Sign up ×
Stack Overflow is a community of 4.7 million programmers, just like you, helping each other. Join them; it only takes a minute:

When mbuffer finishes on the receiving side it prints the time and speed, which I would like to get into $time and $speed.

Trying to implement this answer

exec 3>&1 4>&2 #set up extra file descriptors
error=$( { mbuffer -v 0 -4 -s 128k -m 1G -I 8023 3>&1 4>&2 > /tank3/fs5/tst; } )
exec 3>&- 4>&- # release the extra file descriptors
echo "The message is \"${error}\""

Executing this and in another terminal

echo secret | mbuffer -4 -s 128k -m 1G -O localhost:8023

I get

# ./fff 

summary:  0.0 KiByte in  0.1 sec - average of  0.0 KiB/s
The message is ""

where I was hoping to see the summary message between the "".


I assume that the summary message must be printed to STDERR, as I pipe STDOUT to a file, and its content is correct.

Can anyone see what I am doing wrong?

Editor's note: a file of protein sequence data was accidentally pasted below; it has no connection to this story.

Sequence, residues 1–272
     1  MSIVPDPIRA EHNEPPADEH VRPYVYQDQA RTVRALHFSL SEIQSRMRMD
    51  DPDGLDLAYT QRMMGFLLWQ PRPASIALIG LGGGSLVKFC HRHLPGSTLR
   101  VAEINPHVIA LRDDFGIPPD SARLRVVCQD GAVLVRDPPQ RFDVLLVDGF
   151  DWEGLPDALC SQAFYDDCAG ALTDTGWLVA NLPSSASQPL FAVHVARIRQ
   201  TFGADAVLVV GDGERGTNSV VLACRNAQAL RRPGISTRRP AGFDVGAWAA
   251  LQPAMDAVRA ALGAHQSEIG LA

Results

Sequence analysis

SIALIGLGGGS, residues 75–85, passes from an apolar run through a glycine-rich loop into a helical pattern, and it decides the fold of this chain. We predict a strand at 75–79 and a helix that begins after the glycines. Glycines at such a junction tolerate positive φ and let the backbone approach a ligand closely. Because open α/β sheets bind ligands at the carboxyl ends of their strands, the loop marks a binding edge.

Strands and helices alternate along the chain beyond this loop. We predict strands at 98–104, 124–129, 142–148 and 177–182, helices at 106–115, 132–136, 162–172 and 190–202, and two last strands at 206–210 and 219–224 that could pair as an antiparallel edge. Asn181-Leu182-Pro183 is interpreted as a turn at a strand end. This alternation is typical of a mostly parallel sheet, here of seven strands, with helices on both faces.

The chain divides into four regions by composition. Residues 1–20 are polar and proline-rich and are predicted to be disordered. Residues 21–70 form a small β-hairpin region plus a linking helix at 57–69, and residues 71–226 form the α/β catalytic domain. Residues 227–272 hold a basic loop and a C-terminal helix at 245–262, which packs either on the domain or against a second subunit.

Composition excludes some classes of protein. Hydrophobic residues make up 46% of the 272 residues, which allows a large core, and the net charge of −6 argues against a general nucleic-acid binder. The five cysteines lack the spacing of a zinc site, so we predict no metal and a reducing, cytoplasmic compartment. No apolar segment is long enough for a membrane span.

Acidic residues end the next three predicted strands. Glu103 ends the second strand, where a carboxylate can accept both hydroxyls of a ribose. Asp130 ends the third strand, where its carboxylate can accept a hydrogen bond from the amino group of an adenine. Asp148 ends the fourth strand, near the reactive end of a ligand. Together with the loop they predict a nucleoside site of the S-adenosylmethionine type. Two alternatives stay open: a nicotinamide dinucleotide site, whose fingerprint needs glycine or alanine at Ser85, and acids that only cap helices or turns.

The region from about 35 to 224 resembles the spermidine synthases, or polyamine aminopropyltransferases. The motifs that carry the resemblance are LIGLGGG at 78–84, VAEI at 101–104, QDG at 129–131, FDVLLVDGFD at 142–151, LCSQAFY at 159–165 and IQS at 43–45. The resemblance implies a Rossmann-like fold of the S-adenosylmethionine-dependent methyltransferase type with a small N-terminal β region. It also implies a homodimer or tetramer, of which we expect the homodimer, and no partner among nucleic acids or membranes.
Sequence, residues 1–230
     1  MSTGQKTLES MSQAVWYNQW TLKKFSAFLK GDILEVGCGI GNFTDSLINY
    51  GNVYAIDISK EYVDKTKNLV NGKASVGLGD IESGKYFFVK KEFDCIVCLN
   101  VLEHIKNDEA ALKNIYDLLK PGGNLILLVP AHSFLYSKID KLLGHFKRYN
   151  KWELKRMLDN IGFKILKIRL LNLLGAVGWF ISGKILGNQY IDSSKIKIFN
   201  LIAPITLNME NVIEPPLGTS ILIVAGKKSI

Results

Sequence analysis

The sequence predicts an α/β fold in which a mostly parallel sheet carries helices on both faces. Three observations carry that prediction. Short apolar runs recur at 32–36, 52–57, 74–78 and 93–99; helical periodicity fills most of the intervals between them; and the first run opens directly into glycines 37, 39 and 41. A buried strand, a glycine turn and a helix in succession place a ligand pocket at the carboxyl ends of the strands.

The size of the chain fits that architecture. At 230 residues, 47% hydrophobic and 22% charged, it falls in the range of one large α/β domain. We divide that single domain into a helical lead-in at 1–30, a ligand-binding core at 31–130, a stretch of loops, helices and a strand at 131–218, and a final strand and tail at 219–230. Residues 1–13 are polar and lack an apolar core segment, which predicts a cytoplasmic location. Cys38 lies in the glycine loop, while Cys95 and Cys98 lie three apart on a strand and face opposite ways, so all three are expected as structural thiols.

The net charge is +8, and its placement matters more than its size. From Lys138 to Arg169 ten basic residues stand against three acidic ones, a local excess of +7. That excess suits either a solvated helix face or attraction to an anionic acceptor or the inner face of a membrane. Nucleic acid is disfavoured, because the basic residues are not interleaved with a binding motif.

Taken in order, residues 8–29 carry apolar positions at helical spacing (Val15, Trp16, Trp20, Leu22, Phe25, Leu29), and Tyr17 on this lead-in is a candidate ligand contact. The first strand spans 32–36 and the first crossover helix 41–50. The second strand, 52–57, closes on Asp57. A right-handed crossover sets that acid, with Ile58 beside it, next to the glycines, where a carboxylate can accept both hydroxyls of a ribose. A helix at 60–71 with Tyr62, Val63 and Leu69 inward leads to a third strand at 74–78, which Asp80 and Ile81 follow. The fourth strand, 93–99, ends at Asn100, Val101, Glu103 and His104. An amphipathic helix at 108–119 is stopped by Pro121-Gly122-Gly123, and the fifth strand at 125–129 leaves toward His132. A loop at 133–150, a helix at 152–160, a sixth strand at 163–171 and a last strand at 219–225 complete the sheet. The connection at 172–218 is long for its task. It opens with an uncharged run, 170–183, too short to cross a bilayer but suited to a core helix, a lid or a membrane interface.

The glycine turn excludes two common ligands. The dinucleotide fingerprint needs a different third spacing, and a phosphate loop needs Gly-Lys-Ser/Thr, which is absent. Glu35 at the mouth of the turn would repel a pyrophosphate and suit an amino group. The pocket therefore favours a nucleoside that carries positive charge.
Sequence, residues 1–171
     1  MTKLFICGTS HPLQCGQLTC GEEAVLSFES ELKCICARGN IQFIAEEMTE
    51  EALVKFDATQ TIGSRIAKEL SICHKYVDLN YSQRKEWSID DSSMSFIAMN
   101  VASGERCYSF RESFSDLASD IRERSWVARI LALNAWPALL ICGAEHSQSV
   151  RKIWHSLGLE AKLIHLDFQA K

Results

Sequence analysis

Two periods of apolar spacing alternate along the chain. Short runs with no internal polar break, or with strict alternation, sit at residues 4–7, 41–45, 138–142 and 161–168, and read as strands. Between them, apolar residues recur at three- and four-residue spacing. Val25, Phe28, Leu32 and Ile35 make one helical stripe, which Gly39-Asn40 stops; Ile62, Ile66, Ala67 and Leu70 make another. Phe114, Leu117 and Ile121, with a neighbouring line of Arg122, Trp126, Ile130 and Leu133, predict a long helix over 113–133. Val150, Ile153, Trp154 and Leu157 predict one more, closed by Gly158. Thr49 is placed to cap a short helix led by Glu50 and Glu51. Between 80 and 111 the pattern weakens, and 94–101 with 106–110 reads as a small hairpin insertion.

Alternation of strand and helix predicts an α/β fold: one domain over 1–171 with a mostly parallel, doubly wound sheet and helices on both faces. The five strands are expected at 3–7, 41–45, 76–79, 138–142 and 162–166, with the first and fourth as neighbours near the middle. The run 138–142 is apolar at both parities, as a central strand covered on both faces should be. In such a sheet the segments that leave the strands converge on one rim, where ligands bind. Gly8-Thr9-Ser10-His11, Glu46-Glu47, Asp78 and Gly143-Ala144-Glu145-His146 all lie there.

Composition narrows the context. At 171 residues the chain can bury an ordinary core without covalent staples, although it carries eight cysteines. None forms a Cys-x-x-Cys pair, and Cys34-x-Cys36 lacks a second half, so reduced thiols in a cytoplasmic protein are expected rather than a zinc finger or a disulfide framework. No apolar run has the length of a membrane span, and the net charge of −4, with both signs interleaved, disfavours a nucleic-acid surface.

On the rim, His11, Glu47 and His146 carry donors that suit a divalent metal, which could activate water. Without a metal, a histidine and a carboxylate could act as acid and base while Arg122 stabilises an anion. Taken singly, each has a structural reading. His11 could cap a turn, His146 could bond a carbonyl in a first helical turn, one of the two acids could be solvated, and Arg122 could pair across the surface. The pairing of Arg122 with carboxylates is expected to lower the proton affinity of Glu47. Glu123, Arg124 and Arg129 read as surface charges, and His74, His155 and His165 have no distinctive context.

share|improve this question

2 Answers 2

up vote 1 down vote accepted

I think you may have tried to apply the wrong solution. The one you referenced dealt with a somewhat more complicated problem. If your goal is to direct stdout to a file and capture stderr, this should do it (yes, it's counterintuitive to map stderr to stdout THEN stdout to a file, but that's how redirection works, you're sending stream 2 to where stream 1 points to at that moment, which is stdout)

error=$(mbuffer -v 0 -4 -s 128k -m 1G -I 8023 2>&1 > /tank3/fs5/tst)
echo "The message is \"${error}\""
share|improve this answer

try this:

exec 3>&1
error=$({ mbuffer options >&3 ; } 2>&1)
exec 3>&-
echo "The message is \"${error}\"" >&2

This will pipe stdin through mbuffer to stdout, and write the processed stderr to stderr.

share|improve this answer

Your Answer


By posting your answer, you agree to the privacy policy and terms of service.

Not the answer you're looking for? Browse other questions tagged or ask your own question.